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Final fallen heroes from Vietnam and Afghanistan have ties to Iowa and Nebraska

A friend of one of the last marines to die in Vietnam talks about a change public attitudes towards veterans
Posted at 7:23 PM, Sep 03, 2021

OMAHA, Neb. (KMTV) — Cpl. Daegan Page grew up in Iowa and graduated from Millard South. Lance Cpl. Darwin Judge was one of the last Americans killed in the Vietnam War and a Marshalltown native.

Lance Cpl. Darwin Judge was killed by a rocket attack in South Vietnam. He was only 19 years old.

Ken Locke, a close friend of Darwin Judge, says he was a special person.

"He always was pretty driven, and so always wanted to serve in the military, that was one thing he talked about over and over again when we were growing up. It wasn't a surprise to me when we graduated from high school he enlisted in the Marine Corps," Locke said.

Locke was working at a grocery store when he discovered the terrible news.

"I remember I went to the back of the grocery store and sat on some boxes and just cried. I mean I'd never, I was 18 years old, you don't think this kind of stuff is gonna happen — one of your best friends is now all of a sudden gone," Locke said.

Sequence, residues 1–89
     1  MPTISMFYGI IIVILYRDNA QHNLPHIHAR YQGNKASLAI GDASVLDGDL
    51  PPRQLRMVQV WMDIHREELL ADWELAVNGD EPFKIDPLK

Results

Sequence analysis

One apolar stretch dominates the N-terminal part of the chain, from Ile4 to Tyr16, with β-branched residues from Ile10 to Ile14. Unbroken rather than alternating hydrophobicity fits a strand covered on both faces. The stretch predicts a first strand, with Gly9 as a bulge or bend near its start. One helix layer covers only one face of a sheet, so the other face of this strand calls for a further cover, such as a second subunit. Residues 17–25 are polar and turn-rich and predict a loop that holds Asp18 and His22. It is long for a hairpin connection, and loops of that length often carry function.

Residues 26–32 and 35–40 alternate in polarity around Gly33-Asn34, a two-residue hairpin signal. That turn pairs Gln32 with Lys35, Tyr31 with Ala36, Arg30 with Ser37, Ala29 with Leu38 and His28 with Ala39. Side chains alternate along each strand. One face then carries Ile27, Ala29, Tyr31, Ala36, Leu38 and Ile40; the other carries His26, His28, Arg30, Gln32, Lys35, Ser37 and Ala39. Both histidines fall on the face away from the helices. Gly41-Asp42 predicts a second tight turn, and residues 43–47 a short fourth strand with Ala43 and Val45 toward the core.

Locke has seen attitudes towards veterans shift, living through both the Vietnam and Afghanistan Wars.

"The Vietnam veterans were not received very well when they came home, especially toward the end of the war, I had another friend who was treated very poorly when he got to the Des Moines airport, so there was just a different mood then," Locke said.

Vietnam veteran and Omaha native, Art Jetter vividly remembers one woman's anger at his service.

"She called me baby killer and attempted to physically assault me, which I thought fairly bizarre behavior. I know some people probably still harbor that kind of attitude, but I never felt ashamed or guilty of my service I was quite proud of it. I did what I was supposed to do," Jetter said.

Locke feels confident that veterans from Afghanistan are treated differently than those who served before.

"I think there's more of a sense of we really appreciate, you know, a very low percentage of people serve in the military now. The thing I think Americans should be commended for is they really treat veterans well now," Locke said.

Honoring veterans' ties to their hometowns is just one way Locke says we can speak truth to their memory.

"They are the best that America has to offer. They love America, so they give of themselves because they love the ideal of America," Locke said.

There is a park in Marshalltown named after Judge.

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